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Old vehicles threaten road users

Update: January, 12/2019 - 09:00
An engineer inspects the undercarriage of an old truck. — VNA/VNS Photo
Viet Nam News

HCM CITY — Over 200,000 old automobiles ply the country’s roads though they are no longer licensed to do so, posing a threat to the community, without authorities finding a way to stop them.

There were 206,199 old vehicles as of January 1, according to the Việt Nam Register Department.

The law allows buses to be used for 20 years, trucks for 25 years.

“Out-of-date automobiles are widely used to transport agricultural, forestry and seafood products, and even as school buses in remote and mountainous areas because there are few authorities in such areas and they do not pay attention to the problem,” Khuất Việt Hùng, vice chairman of the National Traffic Safety Committee, told Thanh Niên (Young People) newspaper.

Under current regulations, all out-of-date vehicles have to be taken off the road and their registration papers and number plates surrendered to relevant authorities.

Owners can physically keep their vehicles but not use them in public.               

But in practice only a small number of registration papers and plates have been surrendered and authorities do not know where most of them are.

HCM City has the largest number of out-of-date automobiles, with the owners of only 220 out of 3,142 automobiles surrendering their documents and plates as of 2017.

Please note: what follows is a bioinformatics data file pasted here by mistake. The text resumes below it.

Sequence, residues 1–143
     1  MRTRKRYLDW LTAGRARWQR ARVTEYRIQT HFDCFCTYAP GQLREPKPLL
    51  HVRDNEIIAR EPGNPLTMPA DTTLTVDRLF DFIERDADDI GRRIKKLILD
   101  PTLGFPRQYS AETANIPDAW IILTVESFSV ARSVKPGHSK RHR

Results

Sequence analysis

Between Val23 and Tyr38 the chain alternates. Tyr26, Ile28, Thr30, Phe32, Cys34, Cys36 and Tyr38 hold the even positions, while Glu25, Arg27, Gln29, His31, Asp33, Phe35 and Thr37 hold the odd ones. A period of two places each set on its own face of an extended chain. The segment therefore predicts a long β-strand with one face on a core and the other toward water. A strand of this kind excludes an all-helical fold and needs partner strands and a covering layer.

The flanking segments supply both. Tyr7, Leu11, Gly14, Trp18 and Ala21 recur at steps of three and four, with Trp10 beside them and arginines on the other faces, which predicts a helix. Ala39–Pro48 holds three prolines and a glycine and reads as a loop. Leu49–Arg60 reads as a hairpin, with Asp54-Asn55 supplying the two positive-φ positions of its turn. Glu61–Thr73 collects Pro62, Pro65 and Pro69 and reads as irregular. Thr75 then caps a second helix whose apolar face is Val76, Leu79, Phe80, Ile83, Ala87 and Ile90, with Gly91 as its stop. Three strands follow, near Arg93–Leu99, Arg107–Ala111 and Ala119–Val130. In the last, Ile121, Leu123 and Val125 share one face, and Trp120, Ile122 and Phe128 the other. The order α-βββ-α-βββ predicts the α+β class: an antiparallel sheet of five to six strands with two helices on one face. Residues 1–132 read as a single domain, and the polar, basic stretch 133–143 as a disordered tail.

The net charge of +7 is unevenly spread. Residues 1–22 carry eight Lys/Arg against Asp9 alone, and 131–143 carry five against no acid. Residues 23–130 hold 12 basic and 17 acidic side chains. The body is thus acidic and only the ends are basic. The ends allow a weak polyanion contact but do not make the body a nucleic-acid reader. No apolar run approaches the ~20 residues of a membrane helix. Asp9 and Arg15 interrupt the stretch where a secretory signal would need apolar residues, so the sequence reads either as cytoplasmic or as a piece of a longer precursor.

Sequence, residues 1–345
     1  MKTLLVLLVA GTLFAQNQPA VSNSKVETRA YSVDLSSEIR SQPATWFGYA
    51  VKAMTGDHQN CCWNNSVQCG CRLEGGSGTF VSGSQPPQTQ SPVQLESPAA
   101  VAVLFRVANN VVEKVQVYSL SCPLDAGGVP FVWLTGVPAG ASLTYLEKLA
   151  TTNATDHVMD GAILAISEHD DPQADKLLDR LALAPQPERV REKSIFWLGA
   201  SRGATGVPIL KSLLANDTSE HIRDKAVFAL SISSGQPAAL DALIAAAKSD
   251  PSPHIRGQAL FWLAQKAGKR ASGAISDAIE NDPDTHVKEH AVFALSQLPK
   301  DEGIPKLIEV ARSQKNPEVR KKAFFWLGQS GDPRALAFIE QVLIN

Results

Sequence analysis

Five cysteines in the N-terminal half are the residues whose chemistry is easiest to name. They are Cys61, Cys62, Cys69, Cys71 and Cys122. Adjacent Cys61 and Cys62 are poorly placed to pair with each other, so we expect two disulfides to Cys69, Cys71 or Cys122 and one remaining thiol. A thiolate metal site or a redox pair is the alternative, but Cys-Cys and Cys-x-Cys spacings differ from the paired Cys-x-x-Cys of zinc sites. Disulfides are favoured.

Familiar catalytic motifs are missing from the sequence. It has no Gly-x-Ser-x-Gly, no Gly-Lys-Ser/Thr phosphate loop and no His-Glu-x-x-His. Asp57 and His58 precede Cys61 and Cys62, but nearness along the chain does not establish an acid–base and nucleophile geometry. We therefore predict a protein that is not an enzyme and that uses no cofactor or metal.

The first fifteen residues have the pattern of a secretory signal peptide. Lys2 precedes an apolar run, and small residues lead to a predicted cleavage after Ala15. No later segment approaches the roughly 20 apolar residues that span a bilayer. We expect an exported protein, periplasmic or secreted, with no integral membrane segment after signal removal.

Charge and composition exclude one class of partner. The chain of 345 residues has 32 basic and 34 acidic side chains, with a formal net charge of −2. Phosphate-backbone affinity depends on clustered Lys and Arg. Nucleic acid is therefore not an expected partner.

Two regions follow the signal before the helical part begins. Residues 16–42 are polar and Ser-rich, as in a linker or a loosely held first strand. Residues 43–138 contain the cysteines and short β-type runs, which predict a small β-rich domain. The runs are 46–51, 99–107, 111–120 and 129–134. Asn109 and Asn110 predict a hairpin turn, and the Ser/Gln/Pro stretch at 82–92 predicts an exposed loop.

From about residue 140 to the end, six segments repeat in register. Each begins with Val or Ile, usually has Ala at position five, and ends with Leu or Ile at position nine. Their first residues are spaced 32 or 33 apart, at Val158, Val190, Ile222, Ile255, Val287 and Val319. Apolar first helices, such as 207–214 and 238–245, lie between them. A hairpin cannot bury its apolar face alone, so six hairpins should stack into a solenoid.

Since 2016 traffic inspectors have caught only one such vehicle on the streets.

The situation is similar in Đà Nẵng, with authorities finding only two out of 1,000 out-of-date automobiles in the last three years.

A HCM City Traffic Police spokesman said they often review the list of expired automobiles and call on owners to return their papers.

“However, it is a very difficult task because such vehicles are often sold repeatedly and it is hard to track down owners, besides many do not intend to turn in the papers to the authorities.”

Hùng said, “The solution is education, increasing awareness among the public and vehicle owners besides tightening inspections and slapping strict fines on violators.”

Asst Prof Dr Nguyễn Lê Ninh of the HCM City Fatherland Front Committee said: “The government should consider allowing owners to upgrade their vehicles, and then check them. If they meet safety standards, they could be used again."

This would ensure traffic safety and not cause losses to their owners and is appropriate for the current situation in Việt Nam, he added. — VNS

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